The Minister will know that throughout history the use of technology has accelerated when there is greater interoperability, common standards and open protocols. Does he feel that is an important aspect of our race to increase the deployment of electric vehicle charging infrastructure in this country?
Yes. I do not think there is any doubt about that, and my hon. Friend is right that that has been the pattern in the past. Of course, one cannot just regard technology as a panacea. Technology will improve, and it will stimulate competition and increase growth at certain rates, but one has to be careful as to what the rate is. There is a moment in all market development at which markets go from being a collection of competing standards and potential franchises to becoming a standardised, all-embracing place in which different rivals can compete. That is what we are seeing with charging. We are seeing individual networks yielding over time to networks that can be accessed using credit cards, for example, in a network-neutral way. The Department is supporting that.
It is worth pointing out that, as my hon. Friend the Member for Wimbledon highlighted, local authorities are going to be and will remain a central part of the nearer-to-home provision for charging, and possibly the nearer-to-business provision. What there will be less of in some areas is rapid charging on the public strategic road network, because that has different demands and is being handled in a slightly different way.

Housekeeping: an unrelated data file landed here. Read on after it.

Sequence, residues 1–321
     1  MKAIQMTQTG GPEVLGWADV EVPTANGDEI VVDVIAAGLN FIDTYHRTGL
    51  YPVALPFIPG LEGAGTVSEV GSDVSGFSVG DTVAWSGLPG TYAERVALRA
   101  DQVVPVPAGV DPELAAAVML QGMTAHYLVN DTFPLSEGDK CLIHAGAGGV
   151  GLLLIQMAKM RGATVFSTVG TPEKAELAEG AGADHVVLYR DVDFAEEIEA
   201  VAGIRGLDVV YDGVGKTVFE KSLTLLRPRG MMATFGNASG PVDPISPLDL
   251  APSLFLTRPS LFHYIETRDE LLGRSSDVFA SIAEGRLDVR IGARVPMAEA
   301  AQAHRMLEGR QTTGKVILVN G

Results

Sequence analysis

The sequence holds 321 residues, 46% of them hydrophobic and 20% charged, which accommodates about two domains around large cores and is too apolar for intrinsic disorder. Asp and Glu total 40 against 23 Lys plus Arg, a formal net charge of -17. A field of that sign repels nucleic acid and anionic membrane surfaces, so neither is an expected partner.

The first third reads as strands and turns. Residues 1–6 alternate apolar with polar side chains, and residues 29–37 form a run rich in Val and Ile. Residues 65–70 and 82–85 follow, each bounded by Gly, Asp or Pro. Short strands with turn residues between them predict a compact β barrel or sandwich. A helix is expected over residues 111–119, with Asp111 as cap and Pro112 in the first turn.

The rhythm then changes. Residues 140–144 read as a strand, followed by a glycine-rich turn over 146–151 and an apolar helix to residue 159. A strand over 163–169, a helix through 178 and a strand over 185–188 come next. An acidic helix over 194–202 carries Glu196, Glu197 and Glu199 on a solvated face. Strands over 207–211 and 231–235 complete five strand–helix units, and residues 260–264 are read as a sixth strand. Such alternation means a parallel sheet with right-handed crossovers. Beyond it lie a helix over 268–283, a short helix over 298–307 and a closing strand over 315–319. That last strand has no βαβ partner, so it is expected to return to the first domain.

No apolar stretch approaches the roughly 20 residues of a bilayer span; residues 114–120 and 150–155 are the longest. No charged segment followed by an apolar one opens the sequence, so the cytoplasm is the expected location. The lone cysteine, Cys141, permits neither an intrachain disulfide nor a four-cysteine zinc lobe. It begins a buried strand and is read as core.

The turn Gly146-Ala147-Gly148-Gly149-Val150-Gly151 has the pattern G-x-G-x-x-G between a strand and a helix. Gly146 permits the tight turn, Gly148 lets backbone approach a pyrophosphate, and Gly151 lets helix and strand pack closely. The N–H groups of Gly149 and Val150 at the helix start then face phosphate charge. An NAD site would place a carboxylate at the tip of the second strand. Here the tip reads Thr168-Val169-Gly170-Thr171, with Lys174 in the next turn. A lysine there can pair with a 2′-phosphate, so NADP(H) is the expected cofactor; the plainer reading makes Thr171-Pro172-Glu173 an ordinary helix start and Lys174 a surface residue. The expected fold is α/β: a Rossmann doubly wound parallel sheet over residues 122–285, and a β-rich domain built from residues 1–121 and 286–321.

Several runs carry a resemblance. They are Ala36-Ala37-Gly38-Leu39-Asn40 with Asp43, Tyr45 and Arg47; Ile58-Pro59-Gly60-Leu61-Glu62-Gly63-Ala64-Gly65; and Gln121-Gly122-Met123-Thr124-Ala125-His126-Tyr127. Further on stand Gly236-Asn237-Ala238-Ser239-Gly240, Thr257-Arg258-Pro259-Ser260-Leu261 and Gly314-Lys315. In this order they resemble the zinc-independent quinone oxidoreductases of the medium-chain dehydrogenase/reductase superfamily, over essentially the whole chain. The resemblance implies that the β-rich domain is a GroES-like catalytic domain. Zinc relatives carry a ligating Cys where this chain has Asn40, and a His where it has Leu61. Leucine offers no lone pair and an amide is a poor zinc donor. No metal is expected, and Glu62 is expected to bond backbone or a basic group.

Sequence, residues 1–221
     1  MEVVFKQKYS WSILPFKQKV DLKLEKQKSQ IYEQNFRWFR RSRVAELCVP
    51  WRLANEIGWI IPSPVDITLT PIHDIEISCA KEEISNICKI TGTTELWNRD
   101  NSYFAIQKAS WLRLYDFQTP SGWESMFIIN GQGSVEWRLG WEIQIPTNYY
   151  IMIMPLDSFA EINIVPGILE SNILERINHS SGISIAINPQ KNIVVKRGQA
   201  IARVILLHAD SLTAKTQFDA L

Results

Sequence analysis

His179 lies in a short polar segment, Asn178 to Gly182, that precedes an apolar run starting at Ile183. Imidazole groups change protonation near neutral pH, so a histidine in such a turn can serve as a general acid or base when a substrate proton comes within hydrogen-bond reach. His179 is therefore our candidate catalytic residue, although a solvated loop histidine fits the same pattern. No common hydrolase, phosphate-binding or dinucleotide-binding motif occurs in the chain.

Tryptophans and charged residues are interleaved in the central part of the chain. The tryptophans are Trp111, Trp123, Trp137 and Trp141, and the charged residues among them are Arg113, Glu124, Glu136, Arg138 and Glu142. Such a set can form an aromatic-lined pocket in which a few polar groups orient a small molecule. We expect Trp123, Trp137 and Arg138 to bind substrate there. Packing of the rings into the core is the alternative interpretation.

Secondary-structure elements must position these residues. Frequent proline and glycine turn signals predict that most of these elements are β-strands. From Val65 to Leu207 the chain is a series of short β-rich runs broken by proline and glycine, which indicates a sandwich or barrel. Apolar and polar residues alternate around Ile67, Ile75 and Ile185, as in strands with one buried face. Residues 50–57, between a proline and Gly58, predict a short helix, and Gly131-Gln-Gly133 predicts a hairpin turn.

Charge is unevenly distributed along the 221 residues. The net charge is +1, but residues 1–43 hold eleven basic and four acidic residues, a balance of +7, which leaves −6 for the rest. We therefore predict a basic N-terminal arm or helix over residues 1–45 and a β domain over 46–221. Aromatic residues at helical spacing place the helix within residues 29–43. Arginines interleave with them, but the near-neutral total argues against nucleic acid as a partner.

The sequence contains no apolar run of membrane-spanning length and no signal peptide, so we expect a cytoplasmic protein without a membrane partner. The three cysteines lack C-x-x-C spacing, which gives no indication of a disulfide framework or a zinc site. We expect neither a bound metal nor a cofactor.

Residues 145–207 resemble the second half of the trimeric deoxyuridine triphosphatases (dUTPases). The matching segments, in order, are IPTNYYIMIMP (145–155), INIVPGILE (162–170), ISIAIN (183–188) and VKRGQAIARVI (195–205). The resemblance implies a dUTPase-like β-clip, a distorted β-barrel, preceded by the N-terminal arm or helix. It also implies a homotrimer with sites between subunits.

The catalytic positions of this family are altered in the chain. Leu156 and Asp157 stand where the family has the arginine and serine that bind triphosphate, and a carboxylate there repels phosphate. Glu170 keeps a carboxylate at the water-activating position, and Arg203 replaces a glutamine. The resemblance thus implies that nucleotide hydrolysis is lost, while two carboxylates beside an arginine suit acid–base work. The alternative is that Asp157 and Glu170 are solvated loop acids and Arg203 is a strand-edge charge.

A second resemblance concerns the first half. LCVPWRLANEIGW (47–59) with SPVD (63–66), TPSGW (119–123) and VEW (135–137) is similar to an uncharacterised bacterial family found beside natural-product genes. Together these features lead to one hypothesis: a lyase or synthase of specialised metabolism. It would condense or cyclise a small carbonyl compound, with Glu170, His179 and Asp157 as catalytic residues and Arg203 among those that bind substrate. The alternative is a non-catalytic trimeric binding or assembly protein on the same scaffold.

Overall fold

On 21 February, the Government announced an additional £56 million in public industry funding to support the local electric vehicle infrastructure programme, which includes a capability pilot designed to improve local authorities’ capacity to commission and implement the infrastructure, recognising the concern that there was not necessarily a completely consistent picture of expertise or capability on the local authority network. In turn, that capability will enable what my hon. Friend the Member for Wimbledon rightly pressed the Government on. He asked whether we will continue to incentivise, encourage and press local authorities to do more; of course, we can do that as their capabilities improve.
My right hon. Friend the Minister is clearly right about what the Government should be pressing local authorities to do. Given that they are giving additional funding for the capacity for local authorities to outline their strategy, might it not be good and sensible for the Government to ensure that there is a timeline for when local authorities should have strategies in place?